Pentagon deploys A-10 attack jets, 300 pilots to Germany amid Ukraine turmoil
he US Air Force dispatched a dozen A-10 Thunderbolt II attack jets and about 300 airmen to Germany as part of a military exercise, which is expected to involve NATO allies in Eastern Europe amid simmering tensions over Ukraine.
The Cold War-era aircraft, nicknamed the Warthog, on Monday departed Davis-Monthan Air Force Base in Arizona for Spangdahlem Air Base in Germany as part of Operation Atlantic Resolve
Lt. Col. Christopher Karns, a spokesman for the Air Force at the Pentagon, said the aircraft would “forward-deploy” to sites in Eastern European NATO states, where the units will participate in training with allied forces to “strengthen interoperability and…demonstrate US commitment to the security and stability of Europe," he told military.com.
The highly reliable A-10 carries a seven-barrel GAU-8/A Avenger Gatling gun that fires 30mm rounds designed to destroy tanks and other armored combat vehicles.
The deployment comes as the US House of Representatives introduced legislation authorizing $1 billion in military aid to Ukraine through 2017. If authorized, the package would allow the Pentagon to provide to the Ukraine military “training equipment, lethal weapons of a defensive nature, logistics support, supplies and services.”
The provisions of the bill, according to its authors, are designed to protect Ukraine’s “sovereign territory against foreign aggressors,” and defend Ukrainians from attacks by “Russian-backed separatists.”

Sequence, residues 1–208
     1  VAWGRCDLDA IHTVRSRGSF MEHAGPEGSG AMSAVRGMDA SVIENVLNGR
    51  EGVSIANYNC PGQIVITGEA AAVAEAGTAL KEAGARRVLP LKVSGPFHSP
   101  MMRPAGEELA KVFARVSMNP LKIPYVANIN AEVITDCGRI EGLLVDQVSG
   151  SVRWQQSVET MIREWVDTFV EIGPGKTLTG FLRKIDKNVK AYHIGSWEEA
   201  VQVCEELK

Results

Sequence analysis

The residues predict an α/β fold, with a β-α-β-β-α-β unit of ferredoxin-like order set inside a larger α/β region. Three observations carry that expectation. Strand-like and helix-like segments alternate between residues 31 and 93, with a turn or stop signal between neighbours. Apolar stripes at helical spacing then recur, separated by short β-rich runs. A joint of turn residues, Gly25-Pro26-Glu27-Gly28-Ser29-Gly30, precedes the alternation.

Russia said Tuesday that Washington’s plans to supply Kiev with weapons would further destabilize the situation in Ukraine.
Western governments, without finding it necessary to substantiate their claims with physical evidence, continue to accuse Russia of supporting rebels in Eastern Ukraine blaming the crisis on Russia. Moscow has vehemently rejected the claims.
At the same time, Moscow is regularly on the receiving end of criticism from Washington even when it holds military exercises on its own territory.
In February of last year, as Ukraine was engulfed in chaos not far from Russia’s border, the White House expressed concern that the Russian military held drills. “[W]e are closely watching Russia’s military exercises along the Ukrainian border,” White House spokesman Jay Carney stated.
Meanwhile, Washington and Europe remain at loggerheads over the question of arms shipments to Ukraine. German Chancellor Angela Merkel told the annual Munich Security Conference on Saturday that Germany remained convinced that it would be far more productive “to focus our efforts on seeking a diplomatic solution" to the Ukrainian crisis. Her position is widely supported in European capitals, as well as in Moscow.
“Russia is truly interested in solving the crisis. All other plans to increase sanctions, supply arms and so on, are aimed at destabilizing the situation in Ukraine,” Kremlin spokesman Dmitry Peskov said.